grave


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grave

(Important), adjective chief, consequential, essential, exigent, gravis, imperative, indispensable, pressing, serious, serius, substantial, tristis, urgent, weighty

grave

(Solemn), adjective cheerless, dolorous, grim, heavy, humorless, joyless, pensive, sad, serious, sober, somber, sorrowful, spiritless, uncheery, unlively
Associated concepts: grave consequences for illegal acts
See also: bleak, critical, crucial, deadly, dire, earnest, exigent, flagrant, gross, important, lamentable, major, momentous, solemn, urgent

GRAVE. A place where a dead body is interred.
     2. The violation of the grave, by taking up the dead body, or stealing the coffin or grave clothes, is a misdemeanor at common law. 1 Russ. on. Cr. 414. A singular case, illustrative of this subject, occurred in Louisiana. A son, who inherited a large estate from his mother, buried her with all her jewels, worth $2000; he then made a sale of all he inherited from his mother, for $30,000. After this, a thief broke the grave and stole the jewels, which, after his conviction, were left with the clerk of the court, to be delivered to the owner. The son claimed them, and so did the purchaser of the inheritance; it was held that the jewels, although buried with the mother, belonged to the son, and, that they passed to the purchaser by a sale of the whole inheritance. 6 Robins. L. R. 488. See Dead Body.
     3. In New York, by statutory enactment, it is provided, that every person who shall open a grave, or other place of interment, with intent, 1. To remove the dead body of any human being, for the purpose of selling the same, or for the purpose of dissection; or, 2. To steal the coffin, or any part thereof, or the vestments or other articles interred with any dead body, shall, upon conviction, be punished by imprisonment, in a state prison, not exceeding two years, or in a county gaol, not exceeding six months, or by fine not, exceeding two hundred and fifty dollars, or by both such fine and imprisonment. Rev. Stat. part 4, tit. 5, art. 3, Sec. 15.

References in classic literature ?
Foot by foot, they were driven back from the shores, until I, that am a chief and a Sagamore, have never seen the sun shine but through the trees, and have never visited the graves of my fathers.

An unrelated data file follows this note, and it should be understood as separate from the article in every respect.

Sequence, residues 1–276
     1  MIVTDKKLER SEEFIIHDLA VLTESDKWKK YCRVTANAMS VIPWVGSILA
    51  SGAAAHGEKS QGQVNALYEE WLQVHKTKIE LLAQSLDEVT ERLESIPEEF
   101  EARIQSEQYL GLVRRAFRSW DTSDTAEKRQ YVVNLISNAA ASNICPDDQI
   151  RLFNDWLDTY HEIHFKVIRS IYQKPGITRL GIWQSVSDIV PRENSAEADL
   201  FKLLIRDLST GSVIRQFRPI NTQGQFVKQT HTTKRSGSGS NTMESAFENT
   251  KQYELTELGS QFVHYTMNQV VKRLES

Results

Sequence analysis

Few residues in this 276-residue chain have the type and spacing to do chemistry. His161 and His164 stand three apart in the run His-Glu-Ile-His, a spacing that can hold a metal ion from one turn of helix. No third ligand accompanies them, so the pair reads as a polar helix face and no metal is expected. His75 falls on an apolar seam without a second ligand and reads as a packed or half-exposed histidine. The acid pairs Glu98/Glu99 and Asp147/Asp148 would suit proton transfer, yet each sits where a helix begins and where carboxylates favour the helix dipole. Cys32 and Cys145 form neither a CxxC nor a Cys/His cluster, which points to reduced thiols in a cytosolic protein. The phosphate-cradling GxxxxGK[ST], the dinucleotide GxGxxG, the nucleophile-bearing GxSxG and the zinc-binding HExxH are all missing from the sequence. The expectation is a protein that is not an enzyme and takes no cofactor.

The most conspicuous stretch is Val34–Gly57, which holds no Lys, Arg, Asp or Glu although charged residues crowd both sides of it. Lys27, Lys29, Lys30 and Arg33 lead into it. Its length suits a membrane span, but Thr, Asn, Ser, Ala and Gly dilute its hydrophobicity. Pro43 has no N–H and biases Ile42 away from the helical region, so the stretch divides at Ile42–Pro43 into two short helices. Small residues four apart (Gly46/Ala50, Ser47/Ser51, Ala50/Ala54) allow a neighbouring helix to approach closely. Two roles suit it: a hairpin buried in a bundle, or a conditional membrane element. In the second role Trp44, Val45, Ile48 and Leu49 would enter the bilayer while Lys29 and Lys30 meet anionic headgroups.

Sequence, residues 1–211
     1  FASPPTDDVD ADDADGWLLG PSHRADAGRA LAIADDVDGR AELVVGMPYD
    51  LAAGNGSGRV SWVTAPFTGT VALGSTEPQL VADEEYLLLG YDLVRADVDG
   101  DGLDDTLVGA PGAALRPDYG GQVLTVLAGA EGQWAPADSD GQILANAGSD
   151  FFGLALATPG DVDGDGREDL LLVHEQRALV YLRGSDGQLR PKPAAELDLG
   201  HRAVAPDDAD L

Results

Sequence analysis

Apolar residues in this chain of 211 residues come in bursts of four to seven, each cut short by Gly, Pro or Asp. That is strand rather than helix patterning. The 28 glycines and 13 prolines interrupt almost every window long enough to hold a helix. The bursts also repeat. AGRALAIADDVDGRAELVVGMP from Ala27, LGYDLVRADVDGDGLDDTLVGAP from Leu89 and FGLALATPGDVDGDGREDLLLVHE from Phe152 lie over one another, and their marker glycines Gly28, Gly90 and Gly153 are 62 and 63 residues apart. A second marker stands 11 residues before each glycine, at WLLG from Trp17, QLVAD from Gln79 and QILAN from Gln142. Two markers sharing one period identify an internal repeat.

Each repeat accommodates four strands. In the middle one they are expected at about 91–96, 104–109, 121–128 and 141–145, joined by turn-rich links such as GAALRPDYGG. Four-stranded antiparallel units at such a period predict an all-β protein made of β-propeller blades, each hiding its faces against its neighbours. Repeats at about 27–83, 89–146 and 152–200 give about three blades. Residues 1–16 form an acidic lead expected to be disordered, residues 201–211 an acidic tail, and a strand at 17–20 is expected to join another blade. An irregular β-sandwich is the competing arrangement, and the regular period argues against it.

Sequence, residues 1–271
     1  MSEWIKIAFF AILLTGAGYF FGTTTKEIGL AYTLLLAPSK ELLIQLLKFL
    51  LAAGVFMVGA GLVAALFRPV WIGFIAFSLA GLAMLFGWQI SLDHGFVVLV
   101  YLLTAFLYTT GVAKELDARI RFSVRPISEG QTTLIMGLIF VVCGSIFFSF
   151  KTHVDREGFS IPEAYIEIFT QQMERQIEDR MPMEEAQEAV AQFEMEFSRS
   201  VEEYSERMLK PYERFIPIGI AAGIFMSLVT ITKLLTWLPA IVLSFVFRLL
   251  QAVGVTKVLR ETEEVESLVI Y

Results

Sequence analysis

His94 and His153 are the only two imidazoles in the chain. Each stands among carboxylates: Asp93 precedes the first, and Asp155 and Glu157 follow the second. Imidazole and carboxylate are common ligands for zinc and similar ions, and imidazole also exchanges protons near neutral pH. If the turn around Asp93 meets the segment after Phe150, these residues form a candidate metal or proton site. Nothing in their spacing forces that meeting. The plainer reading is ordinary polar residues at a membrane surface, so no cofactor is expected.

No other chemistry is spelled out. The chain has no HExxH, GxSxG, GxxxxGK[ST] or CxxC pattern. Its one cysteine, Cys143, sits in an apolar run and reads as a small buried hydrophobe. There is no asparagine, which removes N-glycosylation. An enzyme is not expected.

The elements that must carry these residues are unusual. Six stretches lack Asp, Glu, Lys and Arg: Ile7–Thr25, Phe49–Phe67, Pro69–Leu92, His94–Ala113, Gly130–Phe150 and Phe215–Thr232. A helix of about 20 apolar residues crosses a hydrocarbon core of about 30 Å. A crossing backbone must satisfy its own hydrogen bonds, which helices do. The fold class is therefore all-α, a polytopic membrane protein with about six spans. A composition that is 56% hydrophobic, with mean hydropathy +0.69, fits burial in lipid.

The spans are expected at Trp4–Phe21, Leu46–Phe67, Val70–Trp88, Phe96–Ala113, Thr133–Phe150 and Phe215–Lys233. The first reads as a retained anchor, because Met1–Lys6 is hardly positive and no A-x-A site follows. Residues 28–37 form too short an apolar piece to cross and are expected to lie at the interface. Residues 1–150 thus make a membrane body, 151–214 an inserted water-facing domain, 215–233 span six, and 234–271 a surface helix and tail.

The words, "Watch over him, Christie; he needs a woman's care," again echoed in her ears, as if borne on the night wind from the lonely grave in the lonelier cemetery by the distant sea.
Nicholas road, was a grave, and it had a tragic story.
The whisper died wholly out, now, for the three men had reached the grave and stood within a few feet of the boys' hiding-place.
said Cedric ``To upbraid me with the ruin of my race, ere the grave has closed o'er the last scion of Saxon royalty?
Whether it was because of the threats of Don Quixote, or because Ambrosio told them to fulfil their duty to their good friend, none of the shepherds moved or stirred from the spot until, having finished the grave and burned Chrysostom's papers, they laid his body in it, not without many tears from those who stood by.
The grave was then filled in with the rubbish taken from the ground, which formed a slight mound.
Imagine him a person of grave and benevolent aspect, dressed in a black velvet suit, with a broad ruff around his neck, and a peaked beard upon his chin.
It was, in fact, the grave of one of his friends; a chosen warrior of the tribe; who had been slain on this spot when in pursuit of a war party of Shoshokoes, who had stolen the horses of the village.
By the side of this stone, which was a simple slab at the head of a grave, stood a rich monument, decorated with an urn and ornamented with the chisel.
Should you happen to venture on one, It will sigh like a thing that is deeply distressed: And it always looks grave at a pun.
His head being turned back, he passed a crook of the road, and, looking forward again, beheld the figure of a man, in grave and decent attire, seated at the foot of an old tree.